No matter how acute the pain at the pump, Washington cannot stabilize global oil prices that are largely a result of external events over which the United States has little control. But policymakers can make a difference in dampening the impact of volatile oil prices.
The first step is to eliminate Big Oil subsidies and tax breaks, immediately. As evidenced by ExxonMobil’s posted first quarter profits of nearly $11 billion, the oil companies do not need hard-earned tax dollars to survive. The next step is for Congress to set an oil price floor — now, when gas prices are high — to spur ongoing innovation and promote alternatives to oil and autos. Seventy percent of oil consumed in the United States is for transportation, yet funding to upgrade our transportation system suffers from serious insolvency. A fixed, paltry 18.4 cents a gallon funds transportation whether the price of gas is $2 or $4 a gallon. So when oil prices rise, only Big Oil benefits.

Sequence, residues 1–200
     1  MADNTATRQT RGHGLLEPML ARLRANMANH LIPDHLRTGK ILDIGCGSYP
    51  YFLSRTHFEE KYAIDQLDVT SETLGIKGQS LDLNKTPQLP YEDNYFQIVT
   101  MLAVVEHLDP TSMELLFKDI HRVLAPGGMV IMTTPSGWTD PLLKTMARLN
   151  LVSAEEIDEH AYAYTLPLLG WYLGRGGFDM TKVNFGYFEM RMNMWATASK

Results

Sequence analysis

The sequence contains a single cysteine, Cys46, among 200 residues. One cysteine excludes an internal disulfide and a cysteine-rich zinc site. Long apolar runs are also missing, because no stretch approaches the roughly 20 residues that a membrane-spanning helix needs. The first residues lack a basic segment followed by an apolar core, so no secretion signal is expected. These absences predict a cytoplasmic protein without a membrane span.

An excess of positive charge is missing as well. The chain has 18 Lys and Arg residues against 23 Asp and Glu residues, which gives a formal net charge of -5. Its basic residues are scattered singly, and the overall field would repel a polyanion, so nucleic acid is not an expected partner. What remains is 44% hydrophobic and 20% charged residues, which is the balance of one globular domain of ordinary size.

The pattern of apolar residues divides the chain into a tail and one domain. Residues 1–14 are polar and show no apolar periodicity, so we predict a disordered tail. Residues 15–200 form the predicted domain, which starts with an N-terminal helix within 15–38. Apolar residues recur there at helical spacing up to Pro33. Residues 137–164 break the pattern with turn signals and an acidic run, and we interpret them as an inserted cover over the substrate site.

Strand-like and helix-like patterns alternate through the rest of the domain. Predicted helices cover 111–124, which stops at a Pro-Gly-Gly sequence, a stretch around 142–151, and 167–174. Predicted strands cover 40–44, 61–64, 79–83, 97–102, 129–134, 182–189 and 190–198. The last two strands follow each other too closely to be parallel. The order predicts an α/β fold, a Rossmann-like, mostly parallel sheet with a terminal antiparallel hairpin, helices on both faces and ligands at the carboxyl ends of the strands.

It’s high time that we find other ways of fueling our mobility.
The Carnegie Energy and Climate Program engages global experts working on issues relating to energy technology, environmental science, and political economy to develop practical solutions for policymakers around the world. The program aims to provide the leadership and the policy framework necessary to minimize the risks that stem from global climate change and competition for resources.
You are leaving the website for the Carnegie-Tsinghua Center for Global Policy and entering a website for another of Carnegie's global centers.